I think a lot of the personnel going in though needs to realize that they need something specific to offer. If not it is better use to send their airfare to the red cross or another organization.

1:48 Allison Kwesell
Mon, 25 Jan 2010 18:48:41 GMT
This is often a problem with "aid" -- the "aid" worker sometimes gets more out of giving than the people receiving.

1:49 Comment From olhoazul
Mon, 25 Jan 2010 18:49:04 GMT
Your point about rebuilding the country is a good one. I've noted, however, that many Haitians appear to be giving up on their government. Some are call for the return of Aristide while others want to just become some type of dependence on the international community. I just wonder where or how things may end up...

1:50 Allison Kwesell
Mon, 25 Jan 2010 18:50:42 GMT
I wonder too -- and I think that is why I feel like a bigger figure -- a governmental figure needs to step in past just small aid organizations. By giving aid, in small ways, it can be easy to create a country of people reliant on that aid. Perhaps that is already what Haiti is. There needs to be a big intervention.

1:51 Allison Kwesell
Mon, 25 Jan 2010 18:51:12 GMT
Did Haitians ever have a government worth having faith in? I am not sure. Maybe they deserve the chance...

1:51 Comment From Jake Seymour
Mon, 25 Jan 2010 18:51:31 GMT
Hello Allison - I have seen some very shocking photos of mass burial sites and cleanup efforts that would shock the world in regards to how the Hatian government is handling the dead. Have you personally come across any of these scenes and what was your reaction to what you witnessed first hand?

1:54 Allison Kwesell
Mon, 25 Jan 2010 18:54:06 GMT
I did not see the masses of bodies. I landed four days after the quake hit -- this was mostly cleaned up. I did experience bodies burning, or being eaten by maggots in the streets, under rubble. I don't think I have processed any of it yet. The camera is a shield, and when I decide to go to events like this I better have decided deep in my heart that what I am doing is with purpose. Showing the world what is going on in these sad situations is with purpose and good can come of it. To tell you the truth -- my initial reaction takes not thought, little emotion, I shoot the picture. It will take a while, personally, I'm sure to sort through these emotions.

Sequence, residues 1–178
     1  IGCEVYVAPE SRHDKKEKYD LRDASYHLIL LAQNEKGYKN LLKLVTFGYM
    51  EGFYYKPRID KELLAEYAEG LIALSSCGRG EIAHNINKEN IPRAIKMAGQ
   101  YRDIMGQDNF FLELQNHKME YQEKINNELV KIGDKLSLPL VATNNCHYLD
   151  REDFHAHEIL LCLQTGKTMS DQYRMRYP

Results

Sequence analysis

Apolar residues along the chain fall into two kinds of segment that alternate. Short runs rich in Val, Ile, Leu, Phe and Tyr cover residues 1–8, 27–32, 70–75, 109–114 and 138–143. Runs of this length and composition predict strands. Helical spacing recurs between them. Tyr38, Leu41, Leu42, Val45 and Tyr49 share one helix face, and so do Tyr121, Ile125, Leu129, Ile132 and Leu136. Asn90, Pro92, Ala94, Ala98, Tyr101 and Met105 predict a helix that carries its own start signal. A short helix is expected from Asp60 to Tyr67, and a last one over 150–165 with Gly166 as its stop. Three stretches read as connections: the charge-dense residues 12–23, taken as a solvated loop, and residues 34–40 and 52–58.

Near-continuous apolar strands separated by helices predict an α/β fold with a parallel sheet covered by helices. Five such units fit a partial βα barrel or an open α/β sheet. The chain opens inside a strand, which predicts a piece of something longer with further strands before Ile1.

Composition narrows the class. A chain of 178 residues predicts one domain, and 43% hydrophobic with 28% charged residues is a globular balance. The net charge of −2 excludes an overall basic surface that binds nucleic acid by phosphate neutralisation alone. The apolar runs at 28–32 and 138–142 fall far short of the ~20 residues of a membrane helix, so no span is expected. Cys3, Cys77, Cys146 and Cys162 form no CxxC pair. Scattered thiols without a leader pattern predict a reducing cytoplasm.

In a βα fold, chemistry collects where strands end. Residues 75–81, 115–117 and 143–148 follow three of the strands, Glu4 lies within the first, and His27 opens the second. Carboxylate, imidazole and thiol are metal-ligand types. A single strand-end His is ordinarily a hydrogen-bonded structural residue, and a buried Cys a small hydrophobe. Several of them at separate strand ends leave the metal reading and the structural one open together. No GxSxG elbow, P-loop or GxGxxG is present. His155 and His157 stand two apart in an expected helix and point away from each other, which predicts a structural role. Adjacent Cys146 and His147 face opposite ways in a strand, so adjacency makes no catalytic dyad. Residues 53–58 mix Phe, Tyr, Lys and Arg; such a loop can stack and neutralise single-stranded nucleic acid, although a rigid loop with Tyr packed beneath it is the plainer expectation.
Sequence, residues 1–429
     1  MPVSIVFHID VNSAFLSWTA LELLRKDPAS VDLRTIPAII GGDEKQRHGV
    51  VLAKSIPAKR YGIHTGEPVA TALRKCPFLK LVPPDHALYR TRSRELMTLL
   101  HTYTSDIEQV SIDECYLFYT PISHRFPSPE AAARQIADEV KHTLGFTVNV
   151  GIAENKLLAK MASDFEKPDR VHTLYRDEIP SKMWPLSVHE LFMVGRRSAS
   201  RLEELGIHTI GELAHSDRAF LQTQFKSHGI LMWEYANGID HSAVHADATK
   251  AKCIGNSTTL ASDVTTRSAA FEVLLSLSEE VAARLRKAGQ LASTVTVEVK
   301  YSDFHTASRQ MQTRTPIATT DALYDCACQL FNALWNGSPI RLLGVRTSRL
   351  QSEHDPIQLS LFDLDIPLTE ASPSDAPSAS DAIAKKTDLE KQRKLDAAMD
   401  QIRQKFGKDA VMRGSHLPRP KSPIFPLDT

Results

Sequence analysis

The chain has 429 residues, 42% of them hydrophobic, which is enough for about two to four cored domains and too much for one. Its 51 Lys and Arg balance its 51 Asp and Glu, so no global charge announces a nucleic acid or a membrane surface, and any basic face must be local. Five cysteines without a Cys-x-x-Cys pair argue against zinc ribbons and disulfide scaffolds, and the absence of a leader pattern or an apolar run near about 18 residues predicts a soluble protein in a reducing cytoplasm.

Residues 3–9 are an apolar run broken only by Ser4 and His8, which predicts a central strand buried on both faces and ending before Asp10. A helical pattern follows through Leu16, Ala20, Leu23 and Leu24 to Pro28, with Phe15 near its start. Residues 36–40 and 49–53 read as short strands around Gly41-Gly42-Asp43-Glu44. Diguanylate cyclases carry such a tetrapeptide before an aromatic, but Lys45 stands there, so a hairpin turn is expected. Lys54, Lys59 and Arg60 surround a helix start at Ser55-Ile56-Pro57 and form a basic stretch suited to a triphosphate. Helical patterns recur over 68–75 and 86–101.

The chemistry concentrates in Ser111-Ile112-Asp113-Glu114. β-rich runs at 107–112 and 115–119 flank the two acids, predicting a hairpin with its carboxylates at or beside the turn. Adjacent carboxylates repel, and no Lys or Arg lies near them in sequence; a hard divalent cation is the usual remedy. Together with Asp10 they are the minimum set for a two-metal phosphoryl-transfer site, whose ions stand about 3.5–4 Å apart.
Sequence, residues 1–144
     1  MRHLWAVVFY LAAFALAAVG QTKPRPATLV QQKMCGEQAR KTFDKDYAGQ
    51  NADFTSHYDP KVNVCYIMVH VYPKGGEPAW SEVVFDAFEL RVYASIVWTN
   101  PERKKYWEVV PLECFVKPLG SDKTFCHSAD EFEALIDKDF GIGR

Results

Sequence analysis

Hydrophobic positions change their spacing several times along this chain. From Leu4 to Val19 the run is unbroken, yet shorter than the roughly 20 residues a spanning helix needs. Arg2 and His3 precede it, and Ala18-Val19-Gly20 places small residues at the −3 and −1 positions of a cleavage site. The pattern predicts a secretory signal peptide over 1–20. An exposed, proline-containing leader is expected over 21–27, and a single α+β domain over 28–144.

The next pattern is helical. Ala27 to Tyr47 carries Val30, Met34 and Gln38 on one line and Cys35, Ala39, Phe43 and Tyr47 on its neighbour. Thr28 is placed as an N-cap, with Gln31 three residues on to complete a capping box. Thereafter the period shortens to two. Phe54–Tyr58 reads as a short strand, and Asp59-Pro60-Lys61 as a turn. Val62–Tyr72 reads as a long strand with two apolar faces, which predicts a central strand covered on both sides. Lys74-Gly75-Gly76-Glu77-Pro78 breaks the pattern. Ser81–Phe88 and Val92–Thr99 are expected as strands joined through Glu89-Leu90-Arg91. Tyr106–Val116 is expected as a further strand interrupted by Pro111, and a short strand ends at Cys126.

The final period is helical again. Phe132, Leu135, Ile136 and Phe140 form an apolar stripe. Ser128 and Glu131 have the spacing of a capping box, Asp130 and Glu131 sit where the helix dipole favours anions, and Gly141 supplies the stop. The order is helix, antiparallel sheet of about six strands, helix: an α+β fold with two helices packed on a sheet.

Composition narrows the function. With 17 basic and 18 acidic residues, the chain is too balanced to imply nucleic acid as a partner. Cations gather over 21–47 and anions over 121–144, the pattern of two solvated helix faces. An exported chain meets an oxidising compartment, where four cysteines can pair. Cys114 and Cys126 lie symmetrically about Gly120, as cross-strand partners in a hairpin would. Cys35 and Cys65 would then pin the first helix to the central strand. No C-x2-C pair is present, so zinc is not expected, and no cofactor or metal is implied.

1:54 Comment From a reader
Mon, 25 Jan 2010 18:54:20 GMT
How did you cope with seeing so much pain and need?

1:56 Allison Kwesell
Mon, 25 Jan 2010 18:56:40 GMT
There is a quote from photographer Philip Jones Griffiths:"I've always said the place to break down and cry is in the darkroom looking at those contact sheets. Not when you're taking the picture. I'm a great beleiver that when you're actually there, the surgeon who faints at the sight of blood is as useless as the photographer who cries when he sees something terrible for one simple reason -- you can't see to focus."I think this is important. I can't cope on scene if that makes any sense.

1:57 Comment From olhoazul
Mon, 25 Jan 2010 18:57:15 GMT
Maybe so. Some, though, complain that we are giving so much to those suffering in Haiti while we have a lot of problems here locally. My argument, however, has been that their problems today will be ours very soon as more and more Haitian refuguees wash up on Florida's shores. Sad situation, though...

1:58 Allison Kwesell
Mon, 25 Jan 2010 18:58:47 GMT
There will always be problems locally. Anyone who believes this in their heart of hearts cannot fathom the life Haitians lead. I completely believe that as a human race we all want to survive -- raise our children, feed our families. When this basic need is taken away......well I just think it's not at all comparable to the need or scare that is currently going on in the states.

1:58 Comment From marj
Mon, 25 Jan 2010 18:58:57 GMT
how were you treated by the Haitian people? Did you get any negative responses when trying to photograph them?

2:01 Allison Kwesell
Mon, 25 Jan 2010 19:01:03 GMT
Actually, it was harder when I was there in May. This trip I think many Haitians were worn out. If you know Haitians you know they are full of life, vigor, emotions....... this can be beautiful, it can be frightening. But, they are worn down a little bit right now. As far as photographing, I experienced they did want their stories told. Maybe it's just naivety -- maybe they just associated white skin with instant aid -- but I felt like I was taken well. I had to be smart, of course -- with basic safety, and just reading my gut when a situation warranted me to leave. But, for the most part they were welcoming.

2:01 Comment From junior88
Mon, 25 Jan 2010 19:01:33 GMT
Were there any times you felt threatened or in danger?

2:03 Allison Kwesell
Mon, 25 Jan 2010 19:03:27 GMT
A few times. There were mobs around the UN complex that were a bit unnerving. I witnesses a teenager bleed to death after being shot for steeling rice. I guess when you decide to work in a place of great unsteadiness you have to have faith that you'll be okay, until you are not meant to be. You can't have control. The following earthquakes gave me shaky knees beyond belief -- but I think that is mostly because I've never before experienced the earth moving beneath my feet.

2:06 Allison Kwesell
Mon, 25 Jan 2010 19:06:43 GMT
As I mentioned before -- I have not processed everything I saw while I was in Haiti. I do not know the answers, but I truly hope that people who have never thought before about Haiti begin to. The thing, like those of us who have been to Haiti know, is that what we see in the media, past mass graves, is life in Haiti. It's unstable, dangerous. People are in great need. I hope some answers come from all of this.Thank you all for your time.Alli

2:07 David Barry
Mon, 25 Jan 2010 19:07:04 GMT
That is all the time we have for today. We would like to thank Allison and chat participant for their time and questions. Watch Allison today at 5:30 p.m. on WRCB TV 3 and join us for our next newsmakers chat.

Mon, 25 Jan 2010 19:07:08 GMT